Restoration Project on Snoqualmie to Restore Natural Processes and Habitats for Salmon and Other Threatened Species
Wild Fish Conservancy recently began construction on its Stillwater Floodplain Restoration Project, located within the 456-acre Stillwater Wildlife Unit on the Snoqualmie River between Carnation and Duvall, WA. This $850,000 project, a culmination of seven years of planning and preparation, is restoring salmon, steelhead, and other wildlife habitats along this reach of the Snoqualmie River. This restoration project will restore natural river processes that were damaged years ago by river revetment construction. Wild Fish Conservancy, in partnership with WDFW and Ducks Unlimited, is removing 2,100 feet of revetment along the eastern shore of the Snoqualmie in this reach, with roughly 100-140 truckloads of material removed daily. This project is an important example of how private landowners, public agencies, and non-profit groups can work collaboratively for the betterment of wild fish, with an added bonus of creating local jobs. The construction phase of this project will be completed within the next two weeks.
The Snoqualmie River is regionally important for Chinook recovery, home to one of the most important of twenty-two individual populations that makes up the Puget Sound Chinook “Evolutionarily Significant Unit” or ESU. The ESU – meaning Puget Sound Chinook salmon – was listed as a “threatened” species under the federal Endangered Species Act in 1999. The river also provides habitat for important populations of listed species, namely bull trout (listed as a threatened species in 2000), and Puget Sound steelhead (listed as a threatened species in May 2007), as well as coho, chum, sockeye, and pink salmon, and many other native fish and wildlife species.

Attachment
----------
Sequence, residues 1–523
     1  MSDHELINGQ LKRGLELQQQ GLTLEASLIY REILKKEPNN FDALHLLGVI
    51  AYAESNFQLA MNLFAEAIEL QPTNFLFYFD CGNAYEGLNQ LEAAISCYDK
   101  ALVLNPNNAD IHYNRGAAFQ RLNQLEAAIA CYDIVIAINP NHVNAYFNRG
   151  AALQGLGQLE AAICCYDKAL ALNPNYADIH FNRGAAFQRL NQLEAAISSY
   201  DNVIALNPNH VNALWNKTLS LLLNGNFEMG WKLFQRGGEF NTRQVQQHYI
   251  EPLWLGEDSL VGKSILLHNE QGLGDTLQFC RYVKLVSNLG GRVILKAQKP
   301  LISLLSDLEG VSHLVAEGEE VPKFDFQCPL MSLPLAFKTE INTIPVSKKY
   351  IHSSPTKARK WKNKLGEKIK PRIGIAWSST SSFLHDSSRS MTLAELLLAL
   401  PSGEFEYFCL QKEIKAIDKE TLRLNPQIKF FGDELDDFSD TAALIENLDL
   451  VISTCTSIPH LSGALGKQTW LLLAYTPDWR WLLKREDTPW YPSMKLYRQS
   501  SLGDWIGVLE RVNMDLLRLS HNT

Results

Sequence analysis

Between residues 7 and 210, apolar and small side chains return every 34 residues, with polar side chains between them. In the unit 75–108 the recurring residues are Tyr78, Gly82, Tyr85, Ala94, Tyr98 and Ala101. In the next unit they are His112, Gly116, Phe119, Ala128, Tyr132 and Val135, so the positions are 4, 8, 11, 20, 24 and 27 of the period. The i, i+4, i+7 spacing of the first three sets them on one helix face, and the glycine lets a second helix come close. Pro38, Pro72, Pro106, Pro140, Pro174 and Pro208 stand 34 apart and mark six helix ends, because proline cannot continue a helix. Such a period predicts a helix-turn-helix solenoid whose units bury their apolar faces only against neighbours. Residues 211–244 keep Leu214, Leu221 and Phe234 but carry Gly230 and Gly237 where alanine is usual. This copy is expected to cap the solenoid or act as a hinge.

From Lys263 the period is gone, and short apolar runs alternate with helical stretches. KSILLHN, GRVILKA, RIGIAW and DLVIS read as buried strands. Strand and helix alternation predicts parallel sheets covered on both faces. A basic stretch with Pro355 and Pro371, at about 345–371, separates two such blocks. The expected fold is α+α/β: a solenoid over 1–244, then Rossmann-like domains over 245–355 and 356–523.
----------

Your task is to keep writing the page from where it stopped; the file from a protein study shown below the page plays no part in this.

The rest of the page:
The Snohomish Basin Salmon Conservation Plan has designated the river reach that the Stillwater Unit lies within as the highest priority in the sequence of Snoqualmie River reaches targeted for habitat protection and restoration initiatives. Micah Wait, Conservation Director at Wild Fish Conservancy said “the Stillwater reach is extremely important to salmon recovery in the Snoqualmie. It’s located on the outside shoreline of Chinook Bend, one of the most important Chinook spawning areas in the Snoqualmie Basin.” The site is downstream of all the major Chinook spawning sites in the Snoqualmie River and will provide critical rearing and spawning habitat.
Wild Fish Conservancy is a non-profit organization dedicated to the recovery and conservation of the Northwest region’s wild-fish ecosystems, with over 2,500 members. Wild Fish Conservancy’s staff of over 20 professional scientists, advocates, and educators works to promote technically and socially responsible habitat, hatchery, and harvest management to better sustain the region’s wild fish heritage. For more information, visit us at wildfishconservancy.org or follow us on Facebook at facebook.com/wildfishconservancy.